Burns’ ‘Jazz’ swings back onto PBS beginning today

Posted by Chip Chandler - Digital Content Producer on
Buddie Petit’s New Orleans Jazz Band, circa 1910s.
Courtesy of Frank Driggs Collection

by Chip Chandler — Digital Content Producer

For the first time in 15 years, PBS will rebroadcast the tuneful third of Ken Burns’ American trilogy.

Beginning today, Burns’ “Jazz,” which debuted on PBS in 2001, will air through May, taking a one-week break later this month to make room for another Burns project, “National Parks America’s Best Idea.”

The 10-chapter “Jazz” followed the filmmaker’s expansive “The Civil War” in 1990 and “Baseball” in 1994, inspired by an interview with essayist Gerald Early that Burns used for “Baseball.”

"When they study our civilization 2,000 years from now, there will only be three things that Americans will be known for: the Constitution, baseball and jazz," Early said.

As Burns said in an interview for the Archive of American Television, “Civil War” covered the Constitution, and “Baseball” was self-explanatory. The documentarian, though, had to study up to prepare for a deep dive into the art form.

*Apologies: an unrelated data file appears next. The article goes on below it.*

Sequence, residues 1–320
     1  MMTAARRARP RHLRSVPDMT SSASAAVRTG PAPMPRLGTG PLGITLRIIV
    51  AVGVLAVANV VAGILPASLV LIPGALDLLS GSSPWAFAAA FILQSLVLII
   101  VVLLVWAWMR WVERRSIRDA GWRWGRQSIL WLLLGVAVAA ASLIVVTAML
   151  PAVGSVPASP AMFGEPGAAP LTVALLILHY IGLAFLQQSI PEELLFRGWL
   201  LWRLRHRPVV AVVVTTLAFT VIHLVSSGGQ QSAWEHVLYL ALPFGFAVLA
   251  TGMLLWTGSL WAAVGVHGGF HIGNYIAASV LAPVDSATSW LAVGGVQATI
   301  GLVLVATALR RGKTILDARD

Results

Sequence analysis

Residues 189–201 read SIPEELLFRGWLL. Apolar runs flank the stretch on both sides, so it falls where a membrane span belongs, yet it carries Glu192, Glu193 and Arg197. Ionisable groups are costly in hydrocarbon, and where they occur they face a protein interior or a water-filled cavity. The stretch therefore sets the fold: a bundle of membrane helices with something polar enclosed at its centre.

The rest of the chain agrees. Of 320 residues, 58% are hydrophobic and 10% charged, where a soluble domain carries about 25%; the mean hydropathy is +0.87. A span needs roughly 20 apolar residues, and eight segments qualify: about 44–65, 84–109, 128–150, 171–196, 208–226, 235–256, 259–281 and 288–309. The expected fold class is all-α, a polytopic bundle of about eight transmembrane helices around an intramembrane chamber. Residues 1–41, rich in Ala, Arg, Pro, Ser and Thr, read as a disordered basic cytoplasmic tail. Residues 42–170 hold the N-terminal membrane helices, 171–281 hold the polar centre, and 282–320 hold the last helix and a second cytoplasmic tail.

What he learned was how intricately the story of jazz was tied to race.

“Jazz was founded by people who had the experience of being unfree in a free land,” Burns told the Associated Press when the documentary premiered. “It is American music, born in the African-American community, and shared with everybody. Jazz is an utterly American story that at its heart celebrates affirmation in the face of adversity.”

The series closely follows two jazz pioneers – Louis Armstrong and Duke Ellington – though other popular performers are featured prominently, including Sidney Bechet, Billie Holiday, Charlie Parker, Miles Davis and John Coltrane, among others.

Episodes will air at 8 p.m. Fridays through May 20, skipping April 29.

Here’s the schedule:

Friday: “Gumbo (Beginnings to 1917)” and “The Gift (1917-24)”

April 8: “Our Language (1924-28)” and “The True Welcome (1929-35)”

April 15: “Swing: Pure Pleasure (1935-37)”

April 22: “Swing: The Velocity of Celebration (1937-39)”

May 6: “Dedicated to Chaos (1940-45)”

May 13: “Risk (1945-55)”

May 20: “The Adventure (1956-60)” and “A Masterpiece by Midnight (1961-present)”

In conjunction with the Panhandle PBS airings, FM 90’s “All That Jazz” will feature songs from each episode during its weekly broadcasts from 5 to 8 p.m. Sundays.

For more information, visit http://www.pbs.org/show/jazz.